Microservices Granularity for the Internet of Things
In a 2014 blog posting, Martin Fowler discussed issues around creating networked services in Microservices and the First Law of Distributed Objects. One of his points is that networked services should generally be more coarse-grained than local (in-process) services. The reason for this is that distribution always has costs (bandwidth, performance), and these costs easily can become large with fine-grained remote calls.
But as Fowler points out, there are good reasons (e.g. complexity) to make a networked API as fine-grained as possible. How granular/coarse should IoT microservices be? In his blog posting, Fowler suggested that granularity was an open question, and that experience with different systems with different levels of microservices granularity would provide eventual insight.
I agree with Fowler's view that experience is necessary to decide on 'appropriate' granularity. I think it's particularly true for the Internet of Things, where multiple people and organizations are attempting attempting to create consistent abstractions for the relatively-limited input and output capabilities exposed by newly networked devices...aka 'things'.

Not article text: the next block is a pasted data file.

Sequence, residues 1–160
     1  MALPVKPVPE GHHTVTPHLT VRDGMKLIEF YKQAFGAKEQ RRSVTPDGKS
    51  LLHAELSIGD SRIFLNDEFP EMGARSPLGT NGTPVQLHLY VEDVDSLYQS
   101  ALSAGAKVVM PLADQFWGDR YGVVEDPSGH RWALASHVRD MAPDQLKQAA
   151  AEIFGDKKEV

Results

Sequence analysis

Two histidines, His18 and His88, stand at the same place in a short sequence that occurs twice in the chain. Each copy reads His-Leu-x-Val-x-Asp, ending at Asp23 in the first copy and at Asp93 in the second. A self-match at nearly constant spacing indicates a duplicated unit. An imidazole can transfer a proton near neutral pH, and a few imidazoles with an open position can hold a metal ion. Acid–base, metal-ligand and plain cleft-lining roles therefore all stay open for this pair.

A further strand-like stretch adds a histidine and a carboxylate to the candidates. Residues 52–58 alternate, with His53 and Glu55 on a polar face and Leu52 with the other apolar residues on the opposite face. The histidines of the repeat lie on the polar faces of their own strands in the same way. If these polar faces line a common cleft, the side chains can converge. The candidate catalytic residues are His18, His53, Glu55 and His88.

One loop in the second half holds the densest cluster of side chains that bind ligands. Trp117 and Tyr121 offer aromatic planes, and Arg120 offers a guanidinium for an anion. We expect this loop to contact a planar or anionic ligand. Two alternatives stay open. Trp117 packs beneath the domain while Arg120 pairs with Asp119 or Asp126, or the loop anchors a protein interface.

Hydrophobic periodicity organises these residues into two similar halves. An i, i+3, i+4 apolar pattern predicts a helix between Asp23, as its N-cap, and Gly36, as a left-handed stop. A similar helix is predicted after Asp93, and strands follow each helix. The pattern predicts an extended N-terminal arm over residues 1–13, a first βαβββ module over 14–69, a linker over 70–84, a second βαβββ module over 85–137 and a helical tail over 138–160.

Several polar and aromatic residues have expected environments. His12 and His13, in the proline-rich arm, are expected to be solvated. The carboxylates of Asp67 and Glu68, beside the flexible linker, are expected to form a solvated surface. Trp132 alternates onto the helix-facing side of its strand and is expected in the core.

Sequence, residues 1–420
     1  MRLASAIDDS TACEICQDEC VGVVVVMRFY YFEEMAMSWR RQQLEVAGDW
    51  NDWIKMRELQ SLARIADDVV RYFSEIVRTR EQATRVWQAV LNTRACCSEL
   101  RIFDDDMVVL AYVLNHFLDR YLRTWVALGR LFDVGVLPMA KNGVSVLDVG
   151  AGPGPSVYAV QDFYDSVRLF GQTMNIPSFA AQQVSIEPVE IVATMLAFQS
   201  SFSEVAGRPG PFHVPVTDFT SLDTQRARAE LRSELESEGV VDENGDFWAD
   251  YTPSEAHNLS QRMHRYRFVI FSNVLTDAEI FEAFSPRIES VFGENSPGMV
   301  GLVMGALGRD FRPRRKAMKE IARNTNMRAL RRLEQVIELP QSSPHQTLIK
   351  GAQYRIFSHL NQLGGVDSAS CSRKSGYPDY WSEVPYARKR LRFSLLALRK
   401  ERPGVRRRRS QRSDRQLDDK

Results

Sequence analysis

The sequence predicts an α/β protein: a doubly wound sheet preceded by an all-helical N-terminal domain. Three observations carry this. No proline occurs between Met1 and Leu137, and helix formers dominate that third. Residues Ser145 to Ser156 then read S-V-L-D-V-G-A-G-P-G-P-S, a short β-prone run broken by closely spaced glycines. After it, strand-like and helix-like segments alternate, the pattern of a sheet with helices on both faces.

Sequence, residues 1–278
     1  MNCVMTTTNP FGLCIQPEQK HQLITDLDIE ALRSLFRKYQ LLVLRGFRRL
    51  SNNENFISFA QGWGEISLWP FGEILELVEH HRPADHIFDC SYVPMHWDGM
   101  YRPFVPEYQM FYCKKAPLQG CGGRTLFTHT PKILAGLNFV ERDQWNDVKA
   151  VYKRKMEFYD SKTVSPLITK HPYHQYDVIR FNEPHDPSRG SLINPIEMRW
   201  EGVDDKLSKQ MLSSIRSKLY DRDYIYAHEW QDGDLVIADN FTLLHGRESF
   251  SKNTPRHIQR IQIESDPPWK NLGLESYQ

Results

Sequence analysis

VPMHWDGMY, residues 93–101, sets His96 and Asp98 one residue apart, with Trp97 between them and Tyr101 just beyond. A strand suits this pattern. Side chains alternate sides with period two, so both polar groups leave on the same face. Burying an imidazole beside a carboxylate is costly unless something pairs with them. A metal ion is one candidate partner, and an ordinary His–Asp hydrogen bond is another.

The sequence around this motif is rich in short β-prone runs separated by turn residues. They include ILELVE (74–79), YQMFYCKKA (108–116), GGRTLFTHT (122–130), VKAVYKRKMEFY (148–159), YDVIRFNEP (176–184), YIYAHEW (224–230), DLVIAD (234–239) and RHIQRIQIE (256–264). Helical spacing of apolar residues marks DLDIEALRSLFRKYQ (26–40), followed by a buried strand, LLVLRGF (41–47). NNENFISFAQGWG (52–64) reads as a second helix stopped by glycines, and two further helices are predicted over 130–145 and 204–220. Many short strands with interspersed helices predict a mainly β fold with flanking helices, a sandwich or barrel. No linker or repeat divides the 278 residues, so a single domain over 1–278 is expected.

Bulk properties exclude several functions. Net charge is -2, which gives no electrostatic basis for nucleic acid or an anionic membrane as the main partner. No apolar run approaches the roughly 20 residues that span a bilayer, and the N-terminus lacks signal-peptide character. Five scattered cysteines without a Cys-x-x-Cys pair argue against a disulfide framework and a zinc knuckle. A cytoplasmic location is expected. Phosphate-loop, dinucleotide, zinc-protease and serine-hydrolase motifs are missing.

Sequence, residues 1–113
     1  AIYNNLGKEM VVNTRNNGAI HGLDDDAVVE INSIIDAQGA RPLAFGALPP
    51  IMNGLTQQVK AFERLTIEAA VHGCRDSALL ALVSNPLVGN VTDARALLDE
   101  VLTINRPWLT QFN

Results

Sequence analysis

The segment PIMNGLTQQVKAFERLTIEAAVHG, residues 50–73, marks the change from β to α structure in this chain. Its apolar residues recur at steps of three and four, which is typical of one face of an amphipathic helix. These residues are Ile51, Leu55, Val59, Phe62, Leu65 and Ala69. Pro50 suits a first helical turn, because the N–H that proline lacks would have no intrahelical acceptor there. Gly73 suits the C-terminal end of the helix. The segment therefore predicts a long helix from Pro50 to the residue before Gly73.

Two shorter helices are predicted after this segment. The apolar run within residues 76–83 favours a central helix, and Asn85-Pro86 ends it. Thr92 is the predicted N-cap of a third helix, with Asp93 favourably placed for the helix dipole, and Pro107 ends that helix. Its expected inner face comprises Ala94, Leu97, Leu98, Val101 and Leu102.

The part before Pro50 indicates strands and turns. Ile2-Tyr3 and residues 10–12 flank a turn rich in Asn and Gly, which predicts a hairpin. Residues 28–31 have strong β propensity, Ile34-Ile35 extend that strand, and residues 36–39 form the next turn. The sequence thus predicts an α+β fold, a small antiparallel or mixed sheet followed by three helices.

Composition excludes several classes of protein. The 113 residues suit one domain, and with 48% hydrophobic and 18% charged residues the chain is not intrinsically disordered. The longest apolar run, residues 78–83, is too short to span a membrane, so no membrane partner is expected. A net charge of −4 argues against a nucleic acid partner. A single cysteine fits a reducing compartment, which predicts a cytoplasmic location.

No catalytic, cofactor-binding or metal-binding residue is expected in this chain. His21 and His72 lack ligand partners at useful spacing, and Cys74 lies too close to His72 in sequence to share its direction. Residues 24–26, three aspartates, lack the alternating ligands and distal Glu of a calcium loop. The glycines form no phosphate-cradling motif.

But when actually defining remote services, often the first thing done is to bind the service to a particular transport+protocol+impl framework (e.g. https+json+jersey). Once bound to a transport, the service API may become very difficult to refactor and version. This is especially true once a service has been deployed, but frequently deployment is the only way to get enough real experience to be more (or less) granular!
One way to provide flexibility...and allow future change to a service is to remain as transport-independent as possible. As described by this article, new standards such as OSGi Remote Services/RSA and ECF's modular implementation makes it possible to design and refactor services independent of the transport. Such independence will make it easier to update the granularity of a microservice when necessary.